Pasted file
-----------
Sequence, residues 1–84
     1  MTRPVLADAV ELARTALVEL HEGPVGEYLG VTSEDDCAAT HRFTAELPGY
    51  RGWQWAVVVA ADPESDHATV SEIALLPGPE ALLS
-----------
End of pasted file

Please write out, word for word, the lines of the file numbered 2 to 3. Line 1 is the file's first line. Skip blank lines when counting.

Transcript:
     1  MTRPVLADAV ELARTALVEL HEGPVGEYLG VTSEDDCAAT HRFTAELPGY
    51  RGWQWAVVVA ADPESDHATV SEIALLPGPE ALLS